Vail Health’s medical center in Dillon set to open in November

The X-ray room located within Vail Health’s new medical center in Dillon is pictured on Friday, Aug. 27, 2021. The service is part of the center’s urgent care.
Photo by Michael Yearout / Michael Yearout Photography

Vail Health is staying on track and within budget as it nears the completion of its new 85,000-square-foot medical center in Dillon. Once completed, the facility will staff about 80 people and expand much-needed services for Summit County, including urgent and primary care services, ambulatory orthopedic and pain management surgeries, oncology transfusions, physical therapy and more.

When developing the $70 million project, Craig Cohn, chief real estate development officer and senior vice president for Vail Health, explained that many of the services located within the center are ones that the organization identified as the community’s biggest needs.

“As far as what’s in the building, they are a lot of expansions from services that either we’ve already been providing in Summit County, but maybe not to this level, or services that, frankly, we haven’t had the square footage or the facilities to support us adding … that maybe we were providing in Eagle County that we wanted to provide in Summit,” Cohn said.

The main level of the center houses a few different services, one of which is a Colorado Mountain Medical primary care physician’s office and a non-emergency urgent care that’ll be open seven days a week from 8 a.m. to 8 p.m. This 4,000-square-foot space will also host behavioral health and pediatric services.

Director of marketing Emily Tamberino said the center’s behavioral health services were intentionally located in this part of the building as a means of reducing the stigma associated with mental health care. Tamberino said these services will focus on anxiety, depression and mood disorders.

“If you’re coming here for your primary care and you come here for your kids and you end up in urgent care now and then, this becomes a safe place that you’re familiar with,” Tamberino said. “So going to a behavioral health provider here is a little less intimidating, and no one needs to know that you’re here for behavioral health.”

Across the hall from the primary and urgent care center is a multispecialty clinic that’ll offer dermatology, cardiovascular and family medicine services, among others.

“The best way to think about specialty care is that there isn’t enough patient volume to have this level of providers here in Summit County every day or four to five days a week, but there is enough that those providers should be coming here from other markets, whether that be Eagle County or the Front Range, to provide care … a day or two a week or a day or two a month,” Cohn said.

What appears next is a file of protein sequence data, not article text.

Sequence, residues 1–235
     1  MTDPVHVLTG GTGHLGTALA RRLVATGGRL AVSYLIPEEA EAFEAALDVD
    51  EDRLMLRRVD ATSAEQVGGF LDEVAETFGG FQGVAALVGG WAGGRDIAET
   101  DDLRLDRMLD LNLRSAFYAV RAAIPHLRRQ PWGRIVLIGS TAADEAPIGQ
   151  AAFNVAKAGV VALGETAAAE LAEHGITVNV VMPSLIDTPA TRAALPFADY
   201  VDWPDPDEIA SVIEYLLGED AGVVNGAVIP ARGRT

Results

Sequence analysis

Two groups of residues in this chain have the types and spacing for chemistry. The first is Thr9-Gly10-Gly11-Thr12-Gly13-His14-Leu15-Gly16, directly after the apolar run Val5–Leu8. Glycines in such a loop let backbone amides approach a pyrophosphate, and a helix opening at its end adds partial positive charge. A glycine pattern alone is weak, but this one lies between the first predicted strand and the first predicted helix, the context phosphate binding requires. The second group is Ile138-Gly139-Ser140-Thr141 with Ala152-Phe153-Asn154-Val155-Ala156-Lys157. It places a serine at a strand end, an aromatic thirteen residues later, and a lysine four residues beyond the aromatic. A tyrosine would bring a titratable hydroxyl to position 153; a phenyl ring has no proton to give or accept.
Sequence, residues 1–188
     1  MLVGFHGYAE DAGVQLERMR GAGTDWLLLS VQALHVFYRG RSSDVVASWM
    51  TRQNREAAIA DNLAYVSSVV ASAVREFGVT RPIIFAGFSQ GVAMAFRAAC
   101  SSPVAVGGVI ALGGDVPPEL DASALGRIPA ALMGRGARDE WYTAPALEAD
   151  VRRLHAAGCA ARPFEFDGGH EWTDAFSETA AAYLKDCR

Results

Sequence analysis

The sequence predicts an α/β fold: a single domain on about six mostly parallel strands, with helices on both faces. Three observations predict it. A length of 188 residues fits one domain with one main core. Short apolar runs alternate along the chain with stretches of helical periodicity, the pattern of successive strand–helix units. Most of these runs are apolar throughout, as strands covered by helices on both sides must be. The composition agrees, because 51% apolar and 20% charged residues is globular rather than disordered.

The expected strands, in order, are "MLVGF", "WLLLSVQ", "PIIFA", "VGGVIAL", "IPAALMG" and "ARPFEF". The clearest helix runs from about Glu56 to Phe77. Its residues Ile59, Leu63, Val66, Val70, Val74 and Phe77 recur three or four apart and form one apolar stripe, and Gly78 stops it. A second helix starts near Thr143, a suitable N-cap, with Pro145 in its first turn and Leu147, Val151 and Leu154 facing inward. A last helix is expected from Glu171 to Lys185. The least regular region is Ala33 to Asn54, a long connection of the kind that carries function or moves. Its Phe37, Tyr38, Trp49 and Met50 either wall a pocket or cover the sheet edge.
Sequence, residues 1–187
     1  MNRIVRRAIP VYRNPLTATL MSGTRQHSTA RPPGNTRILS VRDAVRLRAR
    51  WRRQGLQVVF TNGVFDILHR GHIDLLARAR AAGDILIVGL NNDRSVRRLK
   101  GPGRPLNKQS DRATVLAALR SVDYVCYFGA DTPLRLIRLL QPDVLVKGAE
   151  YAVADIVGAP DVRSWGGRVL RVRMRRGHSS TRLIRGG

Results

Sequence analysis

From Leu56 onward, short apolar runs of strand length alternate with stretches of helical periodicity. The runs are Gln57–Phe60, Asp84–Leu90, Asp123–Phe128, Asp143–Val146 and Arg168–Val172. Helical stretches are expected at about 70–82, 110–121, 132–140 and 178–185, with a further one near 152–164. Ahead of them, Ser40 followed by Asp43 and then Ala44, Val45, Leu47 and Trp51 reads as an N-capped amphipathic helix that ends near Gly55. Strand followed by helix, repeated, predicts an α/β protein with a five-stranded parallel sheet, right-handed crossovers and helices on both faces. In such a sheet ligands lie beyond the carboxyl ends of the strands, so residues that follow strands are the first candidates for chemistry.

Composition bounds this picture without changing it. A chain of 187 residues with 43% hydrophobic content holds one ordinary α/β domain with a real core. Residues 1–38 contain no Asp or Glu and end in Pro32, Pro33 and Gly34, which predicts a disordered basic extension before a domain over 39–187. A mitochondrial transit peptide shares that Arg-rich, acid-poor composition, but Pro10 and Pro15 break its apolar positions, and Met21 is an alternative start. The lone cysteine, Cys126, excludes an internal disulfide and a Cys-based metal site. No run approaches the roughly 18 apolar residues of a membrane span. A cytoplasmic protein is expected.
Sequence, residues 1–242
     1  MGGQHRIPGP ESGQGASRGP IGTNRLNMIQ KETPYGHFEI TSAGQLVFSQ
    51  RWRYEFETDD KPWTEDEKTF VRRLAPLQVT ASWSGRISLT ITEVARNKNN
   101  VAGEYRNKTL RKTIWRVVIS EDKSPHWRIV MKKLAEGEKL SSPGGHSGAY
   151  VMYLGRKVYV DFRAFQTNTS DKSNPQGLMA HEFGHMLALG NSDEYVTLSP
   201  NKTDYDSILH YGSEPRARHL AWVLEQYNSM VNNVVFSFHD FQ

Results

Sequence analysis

The last unit on the main floor is the ambulatory surgery center that’ll focus on orthopedic and pain management procedures. The surgery center has 19 pre- and postoperative rooms, all of which can be seen from a nurse’s station. Cohn said based on the area’s level of recreation, it made the most sense to offer these types of surgeries within the new center.

Cohn said this is one of the organization’s “bread and butter” services and that having this facility located within the county makes it possible to offer some of the other services, such as specialty care, that can’t always be offered in rural settings.

Right now, the facility will house four operating rooms, and Cohn said the organization has pre-built two more for future use.

Those who utilize these services also have access to physical therapy services located on the bottom floor of the facility. Cohn said that for many procedures, it’s beneficial to get patients moving soon after their surgery, and once they’re done upstairs they can head down to the 3,500-square-foot physical therapy space to make their first appointment.

In addition to the physical therapy unit, the bottom floor houses a marketplace for both staff and visitors to grab refreshments. There’s also an additional 20,000 square feet of space downstairs, which Cohn said the organization will wait to develop depending on what its needs are in the future.

Oncology services and a pharmacy are located on the top floor of the building. The 8,000-square-foot oncology unit focuses on administering transfusions to patients, and Cohn said when the team was designing the building they did so around this unit, which overlooks Buffalo Mountain and the Gore Range.

“When we picked this site and when we designed this building we knew (from) day one we were going to design around this view being used for this purpose,” Cohn said. “… We’re prioritizing views for the unfortunate folks that need to be here.”

On the same floor are mammography services and an appearance center, which is where Cohn said providers and professionals will help with wigs, hats and scarves for those who might have lost their hair during treatment.

In addition to Colorado Mountain Medical, some of the partners for this facility include The Steadman Clinic, Vail-Summit Orthopaedics & Neurosurgery, Shaw Cancer Center and Breast Imaging Clinic and Howard Head Sports Medicine.

Vail Health CEO Will Cook said having all of these services and providers under one roof will dramatically improve the county’s access to health care.

“Providing all of these services in Summit County not only allows people to stay close to home, it also minimizes the cost of travel, time off work, day care for families, etc.,” Cook wrote in an email.

While the project is largely on schedule, Cohn noted that supply-chain issues have caused minor delays in some aspects of the project. Though the primary and urgent care spaces are closer to being completed, the operating rooms are still under construction. Cohn said he expects the entire facility will open at once in November.